This can be overwhelming, so triage is your friend. Divide and conquer so one person is not drinking out of the figurative fire hydrant. From the sea of log data, determine what data points will help you to ensure important systems are optimized, what is the supporting infrastructure, and what are the compliance requirements. Take the time to design reports so they are good summaries of relevant activities and risks, and highlight important exceptions and matters of concern. This will pay off with reduced time to perform monitoring, and less chance that reports end up getting produced then ignored (until it is too late!)
Monitoring should include both on-premise and cloud service providers. Just like your own business, where you monitor the overall economy, local business environment and suppliers, you should know who your Outsourcers are, and put the same monitoring in place.
Monitoring via reports or on screen is inherently a time-delayed detection mechanism. So once you have the right monitoring of summaries and exceptions being sent to the right people, the next thing is to define what system or user events should be alarmed so IT can be alerted immediately to critical problems. Less is likely better, otherwise the alarms can become noise with serious consequences. Monitoring should include:
- Applications availability and uptime so users and customers are happy;
- Processing failures and errors to keep the systems stable;
- Critical security measures to detect and react to intruders and disruptions timely, for example:
- user password fails,
- user attempts to use functions or see data they do not have access to,
- unusual internet traffic at your gateway and firewall
It also makes sense to monitor some external information concerning the technology system products, both hardware and software, as well as cloud service providers on a regular basis. This will keep you aware of events needing immediate attention, like the Solarwinds network security product compromise and the more recent, and probably more serious, Log4Shell vulnerability which allows the logging mechanisms to be an easy path for hackers into systems that have Java code (ironic that we are talking about logging systems as a risk management tool, and this is now part of the problem!). Less timely but still relevant are events like mergers and acquisitions of your system’s vendors, or notable problems within the vendors, which could mean a decrease in ongoing development of the products or the end of its life.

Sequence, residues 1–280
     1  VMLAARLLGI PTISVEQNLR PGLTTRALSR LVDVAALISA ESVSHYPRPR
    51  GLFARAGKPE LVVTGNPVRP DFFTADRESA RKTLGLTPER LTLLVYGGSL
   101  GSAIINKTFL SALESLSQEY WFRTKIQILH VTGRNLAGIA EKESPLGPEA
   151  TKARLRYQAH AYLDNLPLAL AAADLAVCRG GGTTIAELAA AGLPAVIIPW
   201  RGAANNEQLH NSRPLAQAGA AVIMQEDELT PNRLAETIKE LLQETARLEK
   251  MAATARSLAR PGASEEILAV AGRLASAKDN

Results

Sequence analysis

And so we end up with a monitoring cadence, for example: critical events are alarmed immediately; user or system authentication (password) or authorisation (access to functions or data) fails could be reported daily; systems up-time reported weekly; systems patch status and cloud service provider service levels reported monthly; the age and versions of software and hardware, software license costs and professional development hours of IT personnel reported annually.
After monitoring, act!
Plan – Do – Check – Act is the basis for most good business practices and the same applies to technology in business. The whole purpose of monitoring, just like the dials and warning lights in your car, is to trigger action, like pulling over if your engine overheats. Performance outside accepted parameters should be addressed immediately for critical events (car overheating) and in a timely fashion for less critical ones (gas tank half empty). I was going to use windshield washer fluid low as less critical, but we live in Canada and in the middle of a storm this is important – so perhaps the point is that changes in the environment can make normally less important data and related monitoring more relevant!
Follow up is critical to ensure remedial or corrective actions were performed. Everyone is busy, so assuming it all got done can create a false sense of comfort.
As a by-product of doing this to manage your investment in technology and maintain important business operations, you also end up with evidence of controls to demonstrate compliance to regulatory obligations.
Now that we have concluded the final step in the IT process, you now have the tools to think about how well your current IT and OT meets your business needs for the money spent, and you now have what you need to understand what is going on, at a high level, in the “black box”.